Documenting the link between poor food access and less healthy product assortment across the u.s.

Lauren Chenarides, Edward C. Jaenicke

Research output: Contribution to journalArticlepeer-review

9 Scopus citations


This paper, which investigates food access and underserved areas in the U.S., differs from most existing research by explicitly examining food retailers' in-store product availability, a retailing outcome that might exacerbate or mitigate consumer impacts of residing in areas with poor food access. Using detailed retailer scanner data from 2010-2015 and measures of food access, we investigate the relationship between healthy product assortments and food access. Our results consistently show a negative and significant relationship between census tracts with poor food access and healthy product assortments featuring fruits and vegetables. This finding provides rigorous documentation for what other researchers have claimed, namely that consumers who reside in underserved communities and are already burdened with poor food access endure the hardship of facing less healthy assortments of food items.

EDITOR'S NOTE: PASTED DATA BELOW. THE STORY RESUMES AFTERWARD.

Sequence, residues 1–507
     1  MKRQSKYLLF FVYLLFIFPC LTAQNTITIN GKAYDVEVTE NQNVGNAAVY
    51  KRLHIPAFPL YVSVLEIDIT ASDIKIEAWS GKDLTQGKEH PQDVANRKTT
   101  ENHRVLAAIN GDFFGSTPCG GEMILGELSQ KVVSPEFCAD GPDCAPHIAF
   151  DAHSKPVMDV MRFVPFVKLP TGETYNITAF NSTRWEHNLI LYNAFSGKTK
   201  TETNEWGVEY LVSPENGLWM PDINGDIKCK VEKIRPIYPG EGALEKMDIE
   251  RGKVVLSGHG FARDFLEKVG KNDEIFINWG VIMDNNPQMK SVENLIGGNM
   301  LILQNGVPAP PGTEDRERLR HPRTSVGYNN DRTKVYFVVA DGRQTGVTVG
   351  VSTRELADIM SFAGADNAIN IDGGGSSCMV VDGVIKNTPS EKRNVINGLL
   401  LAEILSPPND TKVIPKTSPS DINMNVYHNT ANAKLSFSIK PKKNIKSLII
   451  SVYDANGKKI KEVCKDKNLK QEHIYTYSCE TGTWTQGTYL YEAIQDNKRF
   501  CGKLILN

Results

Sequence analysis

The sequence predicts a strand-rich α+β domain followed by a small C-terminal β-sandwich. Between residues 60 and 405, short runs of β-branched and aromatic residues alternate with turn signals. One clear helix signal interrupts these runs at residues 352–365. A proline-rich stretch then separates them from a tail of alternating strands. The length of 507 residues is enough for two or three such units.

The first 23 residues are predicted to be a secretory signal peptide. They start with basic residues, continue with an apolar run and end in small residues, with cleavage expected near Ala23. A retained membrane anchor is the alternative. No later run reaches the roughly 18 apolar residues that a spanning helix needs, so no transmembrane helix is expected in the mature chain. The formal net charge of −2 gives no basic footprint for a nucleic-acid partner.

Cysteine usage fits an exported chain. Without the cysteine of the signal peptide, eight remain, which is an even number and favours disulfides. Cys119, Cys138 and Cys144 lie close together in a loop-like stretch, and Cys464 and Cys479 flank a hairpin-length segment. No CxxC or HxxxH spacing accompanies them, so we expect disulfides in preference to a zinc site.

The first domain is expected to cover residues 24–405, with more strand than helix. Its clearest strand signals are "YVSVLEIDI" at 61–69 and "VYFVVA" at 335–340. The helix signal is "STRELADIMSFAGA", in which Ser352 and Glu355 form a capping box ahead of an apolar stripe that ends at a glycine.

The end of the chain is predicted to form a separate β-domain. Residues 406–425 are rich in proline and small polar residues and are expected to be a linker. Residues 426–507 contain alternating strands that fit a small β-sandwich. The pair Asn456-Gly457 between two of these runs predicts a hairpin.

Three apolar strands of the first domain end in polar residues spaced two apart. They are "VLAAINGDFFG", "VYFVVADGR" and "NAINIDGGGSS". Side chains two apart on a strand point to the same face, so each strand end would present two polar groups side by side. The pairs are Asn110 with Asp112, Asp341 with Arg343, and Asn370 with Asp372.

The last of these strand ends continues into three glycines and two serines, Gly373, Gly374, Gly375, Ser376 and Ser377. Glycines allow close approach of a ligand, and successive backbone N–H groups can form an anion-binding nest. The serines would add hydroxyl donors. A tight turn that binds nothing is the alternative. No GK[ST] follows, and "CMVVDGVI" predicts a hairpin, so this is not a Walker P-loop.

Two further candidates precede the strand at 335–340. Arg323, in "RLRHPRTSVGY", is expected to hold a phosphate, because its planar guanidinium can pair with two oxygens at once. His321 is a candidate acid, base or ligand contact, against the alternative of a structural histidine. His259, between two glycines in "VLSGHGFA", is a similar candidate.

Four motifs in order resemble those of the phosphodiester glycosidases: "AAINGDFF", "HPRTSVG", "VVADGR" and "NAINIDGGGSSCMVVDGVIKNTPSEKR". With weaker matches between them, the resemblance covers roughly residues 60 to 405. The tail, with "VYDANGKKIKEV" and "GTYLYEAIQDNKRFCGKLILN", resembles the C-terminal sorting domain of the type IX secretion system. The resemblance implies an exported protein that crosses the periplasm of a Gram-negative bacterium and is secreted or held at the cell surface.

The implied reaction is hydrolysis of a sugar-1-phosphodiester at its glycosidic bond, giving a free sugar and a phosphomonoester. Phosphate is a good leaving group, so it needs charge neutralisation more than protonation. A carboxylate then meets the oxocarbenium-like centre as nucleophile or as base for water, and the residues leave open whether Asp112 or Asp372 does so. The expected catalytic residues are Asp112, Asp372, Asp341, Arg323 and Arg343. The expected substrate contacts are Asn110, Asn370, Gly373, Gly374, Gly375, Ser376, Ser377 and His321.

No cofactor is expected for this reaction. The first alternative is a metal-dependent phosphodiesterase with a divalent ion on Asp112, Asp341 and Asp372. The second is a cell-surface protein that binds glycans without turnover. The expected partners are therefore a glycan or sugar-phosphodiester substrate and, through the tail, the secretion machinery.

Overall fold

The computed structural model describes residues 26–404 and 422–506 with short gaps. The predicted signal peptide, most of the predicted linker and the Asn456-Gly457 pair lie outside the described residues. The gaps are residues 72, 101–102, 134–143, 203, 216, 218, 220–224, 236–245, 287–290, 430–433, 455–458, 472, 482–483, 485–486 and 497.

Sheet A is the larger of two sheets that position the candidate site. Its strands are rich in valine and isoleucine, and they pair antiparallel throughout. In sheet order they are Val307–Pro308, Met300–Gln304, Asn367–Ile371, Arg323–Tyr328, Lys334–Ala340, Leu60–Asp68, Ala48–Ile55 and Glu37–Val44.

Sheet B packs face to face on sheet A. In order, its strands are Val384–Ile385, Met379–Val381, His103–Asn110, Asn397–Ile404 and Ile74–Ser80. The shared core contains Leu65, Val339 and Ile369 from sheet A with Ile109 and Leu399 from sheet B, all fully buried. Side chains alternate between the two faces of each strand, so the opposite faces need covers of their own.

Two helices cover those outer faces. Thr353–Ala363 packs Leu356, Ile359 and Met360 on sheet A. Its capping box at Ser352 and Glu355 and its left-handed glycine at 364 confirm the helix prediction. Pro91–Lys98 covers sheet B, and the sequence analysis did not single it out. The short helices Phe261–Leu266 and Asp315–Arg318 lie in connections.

Original languageEnglish (US)
Pages (from-to)434-474
Number of pages41
JournalApplied Economic Perspectives and Policy
Issue number3
StatePublished - Sep 1 2019


  • food access
  • product assortment
  • scanner data

ASJC Scopus subject areas

  • Development
  • Economics and Econometrics


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